Uniform arrays for Julia
Author emmt
3 Stars
Updated Last
1 Year Ago
Started In
April 2020

Structured arrays for Julia

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StructuredArrays is a small Julia package which provides multi-dimensional arrays behaving like regular arrays but whose elements have the same given value or are computed by applying a given function to their indices. The main advantage of such arrays is that they are very light in terms of memory: their storage requirement is O(1) whatever their size instead of O(n) for a usual array of n elements.

Note that StructuredArrays has a different purpose than StructArrays which is designed for arrays whose elements are struct.

Uniform arrays

All elements of a uniform array have the same value. To build such an array, call:

A = UniformArray(val, siz)

which yields an array A behaving as a read-only array of size siz whose values are all val. The array dimensions may be specified as multiple arguments.

Uniform arrays implement conventional linear indexing: A[i] yields val for all linear indices i in the range 1:length(A).

Statements like A[i] = val are however not implemented because uniform arrays are considered as read-only. You may call MutableUniformArray(val,siz) to create a uniform array, say B, whose element value can be changed:

B = MutableUniformArray(val, siz)

A statement like B[i] = val is allowed to change the value of all the elements of B provided index i represents all possible indices in B. Typically B[:] = val or B[1:end] = val are accepted but not B[1] = val unless B has a single element.

Apart from all values being the same, uniform arrays should behaves like ordinary Julia arrays.

Structured arrays

The values of the elements of a structured array are computed on the fly as a function of their indices. To build such an array, call:

A = StructuredArray(fnc, siz)

which yields an array A behaving as a read-only array of size siz whose entries are computed as a given function, here fnc, of its indices: A[i] yields fnc(i). The array dimensions may be specified as multiple arguments.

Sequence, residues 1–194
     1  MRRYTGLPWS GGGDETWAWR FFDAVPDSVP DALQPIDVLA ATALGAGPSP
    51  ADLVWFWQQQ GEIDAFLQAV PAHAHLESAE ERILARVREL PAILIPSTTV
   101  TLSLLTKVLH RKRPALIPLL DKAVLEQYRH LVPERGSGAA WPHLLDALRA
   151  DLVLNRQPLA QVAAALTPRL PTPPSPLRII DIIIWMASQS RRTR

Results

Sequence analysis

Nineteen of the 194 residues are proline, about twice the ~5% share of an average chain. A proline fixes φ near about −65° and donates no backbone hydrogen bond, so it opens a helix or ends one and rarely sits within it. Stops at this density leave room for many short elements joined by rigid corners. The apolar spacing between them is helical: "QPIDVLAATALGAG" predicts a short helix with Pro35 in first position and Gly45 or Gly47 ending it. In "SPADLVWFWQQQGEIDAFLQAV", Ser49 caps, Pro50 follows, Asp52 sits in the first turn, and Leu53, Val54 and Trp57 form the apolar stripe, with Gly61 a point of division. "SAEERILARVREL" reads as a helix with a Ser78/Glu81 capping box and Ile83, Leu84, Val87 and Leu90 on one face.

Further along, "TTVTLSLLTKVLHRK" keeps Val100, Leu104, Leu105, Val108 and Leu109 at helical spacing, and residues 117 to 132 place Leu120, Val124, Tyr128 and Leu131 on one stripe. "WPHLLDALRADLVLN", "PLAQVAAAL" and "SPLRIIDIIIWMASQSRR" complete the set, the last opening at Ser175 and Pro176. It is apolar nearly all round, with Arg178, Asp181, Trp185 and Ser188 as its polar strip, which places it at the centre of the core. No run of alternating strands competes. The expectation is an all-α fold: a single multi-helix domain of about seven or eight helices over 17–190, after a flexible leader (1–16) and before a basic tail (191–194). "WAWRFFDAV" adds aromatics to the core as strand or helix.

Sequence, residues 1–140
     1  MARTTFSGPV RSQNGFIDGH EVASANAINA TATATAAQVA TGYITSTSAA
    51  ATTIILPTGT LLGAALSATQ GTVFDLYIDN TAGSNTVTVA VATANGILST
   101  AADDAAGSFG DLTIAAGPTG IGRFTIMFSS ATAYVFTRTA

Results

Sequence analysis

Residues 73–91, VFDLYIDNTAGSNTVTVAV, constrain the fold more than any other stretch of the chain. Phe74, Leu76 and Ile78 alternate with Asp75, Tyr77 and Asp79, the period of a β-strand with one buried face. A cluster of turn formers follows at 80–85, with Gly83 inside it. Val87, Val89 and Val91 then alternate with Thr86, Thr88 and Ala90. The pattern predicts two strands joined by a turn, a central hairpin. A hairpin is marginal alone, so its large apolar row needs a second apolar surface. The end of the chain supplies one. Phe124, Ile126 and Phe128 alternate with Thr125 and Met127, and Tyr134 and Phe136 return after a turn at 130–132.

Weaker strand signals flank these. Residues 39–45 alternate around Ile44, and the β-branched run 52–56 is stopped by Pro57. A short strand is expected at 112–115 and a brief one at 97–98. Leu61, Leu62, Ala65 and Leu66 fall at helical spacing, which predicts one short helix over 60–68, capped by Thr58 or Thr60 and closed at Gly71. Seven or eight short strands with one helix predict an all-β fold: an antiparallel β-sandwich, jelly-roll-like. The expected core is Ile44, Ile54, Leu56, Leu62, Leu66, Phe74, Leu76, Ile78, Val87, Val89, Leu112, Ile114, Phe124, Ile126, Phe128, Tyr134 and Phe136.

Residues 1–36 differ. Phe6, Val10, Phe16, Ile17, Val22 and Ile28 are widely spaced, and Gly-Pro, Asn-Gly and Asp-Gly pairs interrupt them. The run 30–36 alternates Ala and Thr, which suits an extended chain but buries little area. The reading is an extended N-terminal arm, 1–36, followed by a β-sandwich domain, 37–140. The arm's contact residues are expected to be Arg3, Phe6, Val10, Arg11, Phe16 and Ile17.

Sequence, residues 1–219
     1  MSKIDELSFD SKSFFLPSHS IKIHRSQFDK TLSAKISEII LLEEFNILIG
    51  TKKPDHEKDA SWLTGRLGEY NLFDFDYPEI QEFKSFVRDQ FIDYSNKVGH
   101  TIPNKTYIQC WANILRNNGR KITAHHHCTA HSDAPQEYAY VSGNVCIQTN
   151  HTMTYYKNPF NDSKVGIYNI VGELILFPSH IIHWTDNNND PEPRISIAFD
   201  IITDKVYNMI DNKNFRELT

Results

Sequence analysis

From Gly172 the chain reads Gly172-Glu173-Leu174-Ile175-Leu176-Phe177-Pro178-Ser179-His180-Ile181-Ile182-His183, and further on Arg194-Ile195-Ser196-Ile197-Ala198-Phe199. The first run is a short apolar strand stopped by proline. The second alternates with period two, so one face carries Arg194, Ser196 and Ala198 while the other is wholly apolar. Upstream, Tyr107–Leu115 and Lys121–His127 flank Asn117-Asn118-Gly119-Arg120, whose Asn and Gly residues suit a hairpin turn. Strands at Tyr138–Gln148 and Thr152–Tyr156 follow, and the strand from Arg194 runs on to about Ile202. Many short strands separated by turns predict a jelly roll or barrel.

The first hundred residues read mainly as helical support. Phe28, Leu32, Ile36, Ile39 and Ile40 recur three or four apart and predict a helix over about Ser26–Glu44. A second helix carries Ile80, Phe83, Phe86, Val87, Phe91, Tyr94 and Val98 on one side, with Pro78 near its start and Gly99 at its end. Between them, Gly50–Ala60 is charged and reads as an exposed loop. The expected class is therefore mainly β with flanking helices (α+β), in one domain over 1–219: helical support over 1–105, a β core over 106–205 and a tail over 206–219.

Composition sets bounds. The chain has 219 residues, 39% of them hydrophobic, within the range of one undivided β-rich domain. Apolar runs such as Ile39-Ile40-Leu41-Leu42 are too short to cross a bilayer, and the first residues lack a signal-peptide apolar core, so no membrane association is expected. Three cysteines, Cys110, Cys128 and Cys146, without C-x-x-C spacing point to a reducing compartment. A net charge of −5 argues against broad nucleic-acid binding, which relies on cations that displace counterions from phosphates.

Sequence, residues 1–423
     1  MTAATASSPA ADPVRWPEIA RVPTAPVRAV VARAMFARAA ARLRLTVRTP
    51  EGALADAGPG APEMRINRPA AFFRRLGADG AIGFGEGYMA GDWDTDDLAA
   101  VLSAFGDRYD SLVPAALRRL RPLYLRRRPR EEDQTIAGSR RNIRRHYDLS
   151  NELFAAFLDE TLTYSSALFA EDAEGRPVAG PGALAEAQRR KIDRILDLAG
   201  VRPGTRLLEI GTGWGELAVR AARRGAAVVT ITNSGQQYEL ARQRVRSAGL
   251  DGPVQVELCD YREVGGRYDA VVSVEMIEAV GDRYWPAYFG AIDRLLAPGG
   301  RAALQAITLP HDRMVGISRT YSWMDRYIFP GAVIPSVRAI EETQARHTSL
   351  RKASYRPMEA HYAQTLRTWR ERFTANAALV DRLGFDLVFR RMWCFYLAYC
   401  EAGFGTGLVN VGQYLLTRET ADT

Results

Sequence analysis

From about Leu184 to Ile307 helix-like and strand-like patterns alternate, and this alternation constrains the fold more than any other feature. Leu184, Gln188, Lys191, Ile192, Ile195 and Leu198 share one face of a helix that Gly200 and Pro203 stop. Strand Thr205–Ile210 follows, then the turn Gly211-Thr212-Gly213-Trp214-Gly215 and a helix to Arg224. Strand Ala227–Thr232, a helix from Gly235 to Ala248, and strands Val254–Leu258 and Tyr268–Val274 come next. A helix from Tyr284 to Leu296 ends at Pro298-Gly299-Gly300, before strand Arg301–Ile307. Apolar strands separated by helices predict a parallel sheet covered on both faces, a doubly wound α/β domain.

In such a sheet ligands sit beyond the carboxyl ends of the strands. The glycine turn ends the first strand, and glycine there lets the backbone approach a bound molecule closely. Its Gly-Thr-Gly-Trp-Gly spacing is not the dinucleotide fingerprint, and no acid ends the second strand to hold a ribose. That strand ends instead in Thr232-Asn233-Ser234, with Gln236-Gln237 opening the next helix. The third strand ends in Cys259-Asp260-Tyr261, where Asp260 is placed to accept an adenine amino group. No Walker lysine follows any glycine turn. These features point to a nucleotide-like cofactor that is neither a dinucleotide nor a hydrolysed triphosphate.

An optional leading argument S may be used to specify another index style than the default IndexCartesian:

A = StructuredArray(S, fnc, siz)

where S may be a sub-type of IndexStyle or an instance of such a sub-type. If S is IndexCartesian (the default), the function fnc will be called with N integer arguments, N being the number of dimensions. If S is IndexLinear, the function fnc will be called with a single integer argument.

A structured array can be used to specify the location of structural non-zeros in a sparse matrix. For instance, the structure of a lower triangular matrix of size m×n would be given by:

StructuredArray((i,j) -> (i  j), m, n)

but with a constant small storage requirement whatever the size of the matrix.

Although the callable object fnc may not be a pure function, its return type shall be stable and structured arrays are considered as immutable in the sense that a statement like A[i] = val is not implemented. The type of the elements of structured array is guessed by applying fnc to the unit index. The element type, say T, may also be explicitely specified:

StructuredArray{T}([S = IndexCartesian,] fnc, siz)

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